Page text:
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Attitudes toward Taxation: The Role of Luck and Merit
Last registered on August 06, 2019

Pre-Trial

Trial Information
General Information
Title
Attitudes toward Taxation: The Role of Luck and Merit
RCT ID
AEARCTR-0004455
Initial registration date
August 05, 2019
Last updated
August 06, 2019 11:52 AM EDT
Location(s)

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Primary Investigator
Affiliation
University of Heidelberg
Other Primary Investigator(s)
PI Affiliation
University of Heidelberg
Additional Trial Information
Status
In development
Start date
2019-08-06
End date
2021-09-01
Secondary IDs
C93, H23
Abstract
A growing literature suggests that people are willing to accept more inequality if it is the result of merit rather than the result of luck. However, it is often difficult, if not impossible, to relate economic success or inequality to the relative impact of the luck or merit. In this study, we investigate distributional situations in which the relative impact of luck and merit is uncertain.

External Link(s)
Registration Citation
Citation
Fehr, Dietmar and Martin Vollmann. 2019. "Attitudes toward Taxation: The Role of Luck and Merit." AEA RCT Registry. August 06. https://doi.org/10.1257/rct.4455-1.0.
Former Citation
Fehr, Dietmar and Martin Vollmann. 2019. "Attitudes toward Taxation: The Role of Luck and Merit." AEA RCT Registry. August 06. https://www.socialscienceregistry.org/trials/4455/history/51317.
Experimental Details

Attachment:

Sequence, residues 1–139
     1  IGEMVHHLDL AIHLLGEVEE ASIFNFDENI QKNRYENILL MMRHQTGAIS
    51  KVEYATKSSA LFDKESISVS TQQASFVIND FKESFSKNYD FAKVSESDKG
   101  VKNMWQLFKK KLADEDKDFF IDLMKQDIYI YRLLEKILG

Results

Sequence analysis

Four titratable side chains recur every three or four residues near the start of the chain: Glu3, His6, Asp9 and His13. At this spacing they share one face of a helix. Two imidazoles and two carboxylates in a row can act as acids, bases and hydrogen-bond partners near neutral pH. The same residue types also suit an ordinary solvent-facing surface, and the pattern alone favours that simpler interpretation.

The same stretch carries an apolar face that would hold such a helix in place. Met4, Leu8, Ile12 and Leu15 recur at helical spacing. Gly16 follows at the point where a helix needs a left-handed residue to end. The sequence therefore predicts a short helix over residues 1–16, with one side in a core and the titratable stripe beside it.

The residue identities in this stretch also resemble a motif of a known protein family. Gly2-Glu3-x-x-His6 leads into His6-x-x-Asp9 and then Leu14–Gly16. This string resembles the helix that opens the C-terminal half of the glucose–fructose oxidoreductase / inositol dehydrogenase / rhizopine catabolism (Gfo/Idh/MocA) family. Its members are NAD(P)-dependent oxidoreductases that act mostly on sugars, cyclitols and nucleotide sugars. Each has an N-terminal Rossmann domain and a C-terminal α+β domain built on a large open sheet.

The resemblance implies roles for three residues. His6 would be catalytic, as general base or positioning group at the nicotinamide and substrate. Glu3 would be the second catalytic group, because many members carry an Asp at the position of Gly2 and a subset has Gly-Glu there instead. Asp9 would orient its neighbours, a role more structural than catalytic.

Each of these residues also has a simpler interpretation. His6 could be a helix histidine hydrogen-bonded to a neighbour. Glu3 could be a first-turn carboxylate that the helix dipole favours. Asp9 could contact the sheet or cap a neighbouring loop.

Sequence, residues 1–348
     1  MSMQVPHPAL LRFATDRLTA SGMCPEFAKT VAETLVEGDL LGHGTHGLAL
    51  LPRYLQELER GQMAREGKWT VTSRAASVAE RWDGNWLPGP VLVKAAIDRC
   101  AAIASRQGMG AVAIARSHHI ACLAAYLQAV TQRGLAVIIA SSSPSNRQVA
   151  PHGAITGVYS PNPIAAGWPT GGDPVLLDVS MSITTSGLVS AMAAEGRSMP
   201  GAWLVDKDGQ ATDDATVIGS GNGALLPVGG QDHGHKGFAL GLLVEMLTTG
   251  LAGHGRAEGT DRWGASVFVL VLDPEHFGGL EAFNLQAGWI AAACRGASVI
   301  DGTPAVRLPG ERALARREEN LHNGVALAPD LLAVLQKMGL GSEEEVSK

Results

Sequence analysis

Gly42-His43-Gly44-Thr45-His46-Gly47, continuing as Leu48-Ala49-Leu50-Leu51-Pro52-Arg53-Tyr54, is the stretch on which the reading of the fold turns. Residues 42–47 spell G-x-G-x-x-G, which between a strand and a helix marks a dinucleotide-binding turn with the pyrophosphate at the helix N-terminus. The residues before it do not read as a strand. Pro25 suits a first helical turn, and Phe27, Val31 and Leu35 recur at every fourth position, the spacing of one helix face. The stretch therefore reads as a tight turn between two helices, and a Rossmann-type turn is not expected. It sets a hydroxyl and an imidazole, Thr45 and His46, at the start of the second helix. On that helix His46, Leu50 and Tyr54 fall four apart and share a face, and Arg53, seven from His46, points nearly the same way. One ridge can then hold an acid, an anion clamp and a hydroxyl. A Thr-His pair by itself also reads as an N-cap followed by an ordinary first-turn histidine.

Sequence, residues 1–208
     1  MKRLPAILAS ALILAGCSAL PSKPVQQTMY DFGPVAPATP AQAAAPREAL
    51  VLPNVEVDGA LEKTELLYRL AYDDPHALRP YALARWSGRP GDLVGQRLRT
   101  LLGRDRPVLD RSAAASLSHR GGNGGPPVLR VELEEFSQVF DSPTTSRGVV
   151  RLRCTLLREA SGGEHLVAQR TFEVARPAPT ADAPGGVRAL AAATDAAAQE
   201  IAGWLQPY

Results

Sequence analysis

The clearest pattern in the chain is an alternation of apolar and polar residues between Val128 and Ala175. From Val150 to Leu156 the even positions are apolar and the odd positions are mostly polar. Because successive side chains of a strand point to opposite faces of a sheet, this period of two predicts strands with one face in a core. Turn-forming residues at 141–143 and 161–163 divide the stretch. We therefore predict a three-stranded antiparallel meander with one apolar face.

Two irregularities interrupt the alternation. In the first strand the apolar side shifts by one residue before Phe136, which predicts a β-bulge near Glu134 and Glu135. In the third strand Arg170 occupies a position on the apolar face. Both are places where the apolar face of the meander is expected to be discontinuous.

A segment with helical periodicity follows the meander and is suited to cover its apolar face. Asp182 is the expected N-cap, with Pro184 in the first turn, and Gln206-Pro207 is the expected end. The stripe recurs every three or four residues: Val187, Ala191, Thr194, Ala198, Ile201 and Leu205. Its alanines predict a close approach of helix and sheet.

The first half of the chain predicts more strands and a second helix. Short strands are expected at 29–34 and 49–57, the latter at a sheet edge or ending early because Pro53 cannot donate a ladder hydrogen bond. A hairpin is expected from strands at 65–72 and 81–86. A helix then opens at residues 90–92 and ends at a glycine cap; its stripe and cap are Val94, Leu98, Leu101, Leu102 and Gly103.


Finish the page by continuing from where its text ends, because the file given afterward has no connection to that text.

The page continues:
Interventions
Intervention(s)
Intervention Start Date
2019-08-07
Intervention End Date
2019-08-31
Primary Outcomes
Primary Outcomes (end points)
Tax rate
Belief about Luck/Effort
Belief about Deservingness
Willingness to pay for Information
Primary Outcomes (explanation)
Secondary Outcomes
Secondary Outcomes (end points)
Secondary Outcomes (explanation)
Experimental Design
Experimental Design
We will run a study on Amazon Mturk. Participants are randomly assigned to one of two versions of a real-effort task (RET). They are matched into pairs and paid according to their relative performance (high bonus and low bonus). The RET is designed such that one version always results in getting the high bonus. This allows us to causally identify the impact of the bonus payment on redistribution. Before and after they learn about the performance comparison (ie the bonus payment), they are asked several questions regarding the task and their (relative) performance. After learning about the bonus payment, they decide about a redistributive tax.
Experimental Design Details
Not available
Randomization Method
Randomization is pre-programmed in the survey program.
Randomization Unit
Randomization on individual level
Was the treatment clustered?
No
Experiment Characteristics
Sample size: planned number of clusters
1800 participants recruited on Amazon Mturk
Sample size: planned number of observations
1800 participants recruited on Amazon Mturk
Sample size (or number of clusters) by treatment arms
900 per treatment
Minimum detectable effect size for main outcomes (accounting for sample design and clustering)
IRB
INSTITUTIONAL REVIEW BOARDS (IRBs)
IRB Name
IRB Approval Date
IRB Approval Number
Analysis Plan

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